Dr. Somen Ghosh found that his new approaches allowed about a third of the study participants, who were between 10 and 18 years old, achieved significant vision gains.
By the end of the one-year study conducted in an eye clinic in India, nearly 30 percent of the 100 participants achieved significant vision gains.
About 60 percent showed at least some improvement.
Significant gains were more likely in children who participated in Groups 3 or 4 of the four treatment regimens.
Treatment Group 3 completed daily video game practice and Group 4 took the supplement citicoline, which is associated with improved brain function.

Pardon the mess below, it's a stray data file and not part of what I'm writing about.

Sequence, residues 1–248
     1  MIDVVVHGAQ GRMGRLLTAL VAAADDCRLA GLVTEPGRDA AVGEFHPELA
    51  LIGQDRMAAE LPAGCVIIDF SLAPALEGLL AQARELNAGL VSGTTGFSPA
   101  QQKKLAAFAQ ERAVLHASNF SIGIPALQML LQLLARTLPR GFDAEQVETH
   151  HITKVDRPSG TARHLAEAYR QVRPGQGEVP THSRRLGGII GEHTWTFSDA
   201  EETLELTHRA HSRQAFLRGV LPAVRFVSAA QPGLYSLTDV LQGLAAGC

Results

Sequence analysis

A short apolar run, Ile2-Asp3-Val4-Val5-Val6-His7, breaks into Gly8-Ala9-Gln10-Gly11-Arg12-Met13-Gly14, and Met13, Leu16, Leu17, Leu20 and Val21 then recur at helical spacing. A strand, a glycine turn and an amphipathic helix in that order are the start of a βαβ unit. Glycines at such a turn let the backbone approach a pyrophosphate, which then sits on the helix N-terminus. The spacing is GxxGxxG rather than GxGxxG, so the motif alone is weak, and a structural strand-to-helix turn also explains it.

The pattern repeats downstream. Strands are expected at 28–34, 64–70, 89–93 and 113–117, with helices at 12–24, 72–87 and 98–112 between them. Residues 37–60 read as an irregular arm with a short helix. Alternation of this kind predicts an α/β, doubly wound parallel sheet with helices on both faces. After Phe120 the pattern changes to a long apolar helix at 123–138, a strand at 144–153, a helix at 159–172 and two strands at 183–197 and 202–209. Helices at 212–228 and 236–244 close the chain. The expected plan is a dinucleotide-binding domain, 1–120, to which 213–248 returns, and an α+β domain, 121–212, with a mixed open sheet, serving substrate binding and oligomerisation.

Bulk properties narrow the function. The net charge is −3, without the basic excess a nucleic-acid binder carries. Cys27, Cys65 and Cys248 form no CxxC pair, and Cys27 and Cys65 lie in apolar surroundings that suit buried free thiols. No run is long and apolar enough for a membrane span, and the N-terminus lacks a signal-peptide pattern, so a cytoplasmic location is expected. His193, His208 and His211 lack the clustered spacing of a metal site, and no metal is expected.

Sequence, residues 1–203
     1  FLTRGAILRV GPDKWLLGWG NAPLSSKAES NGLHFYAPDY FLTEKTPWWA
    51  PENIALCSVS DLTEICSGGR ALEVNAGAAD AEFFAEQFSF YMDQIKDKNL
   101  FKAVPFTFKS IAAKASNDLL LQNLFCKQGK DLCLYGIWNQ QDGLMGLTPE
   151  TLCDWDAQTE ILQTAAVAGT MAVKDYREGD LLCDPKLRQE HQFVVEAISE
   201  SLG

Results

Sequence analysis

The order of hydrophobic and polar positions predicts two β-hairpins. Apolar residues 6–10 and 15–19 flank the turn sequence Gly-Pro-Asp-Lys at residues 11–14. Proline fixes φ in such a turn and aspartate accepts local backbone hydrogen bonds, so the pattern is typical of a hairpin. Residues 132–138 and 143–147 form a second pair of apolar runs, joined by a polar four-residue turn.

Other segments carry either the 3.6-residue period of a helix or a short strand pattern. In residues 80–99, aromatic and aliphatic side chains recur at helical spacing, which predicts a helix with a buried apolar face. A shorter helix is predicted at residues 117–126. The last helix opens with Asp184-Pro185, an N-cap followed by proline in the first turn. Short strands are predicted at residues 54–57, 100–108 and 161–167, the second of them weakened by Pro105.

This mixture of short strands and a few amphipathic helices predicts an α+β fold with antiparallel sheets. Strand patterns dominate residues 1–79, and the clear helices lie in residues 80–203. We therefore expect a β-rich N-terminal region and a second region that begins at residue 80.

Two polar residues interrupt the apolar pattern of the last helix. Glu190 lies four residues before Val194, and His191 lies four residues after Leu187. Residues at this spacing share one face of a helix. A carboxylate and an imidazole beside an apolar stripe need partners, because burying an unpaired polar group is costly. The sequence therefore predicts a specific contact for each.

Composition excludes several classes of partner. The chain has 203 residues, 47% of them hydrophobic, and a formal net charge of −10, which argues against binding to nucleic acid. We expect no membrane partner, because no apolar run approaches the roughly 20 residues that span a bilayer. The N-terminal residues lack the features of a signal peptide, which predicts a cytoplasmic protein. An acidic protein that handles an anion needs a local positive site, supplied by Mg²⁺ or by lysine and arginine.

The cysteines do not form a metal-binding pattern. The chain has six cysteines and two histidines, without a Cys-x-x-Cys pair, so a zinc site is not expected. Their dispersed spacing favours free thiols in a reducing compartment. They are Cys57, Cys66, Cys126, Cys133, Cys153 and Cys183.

Improvement was more likely in children younger than age 14 than in those 14 and older.
The prevailing wisdom has been that if amblyopia is not diagnosed and corrected before a child reaches school age, it is difficult or impossible to correct.
But recently the United States-based Pediatric Eye Disease Investigation Group (PEDIG) reported significant vision gains in 27 percent of older children in a study funded by the National Eye Institute.
This report motivated Dr. Ghosh to test new approaches to learn what might be particularly effective in this age group.
The study will be presented at the 115th Annual Meeting of the American Academy of Ophthalmology.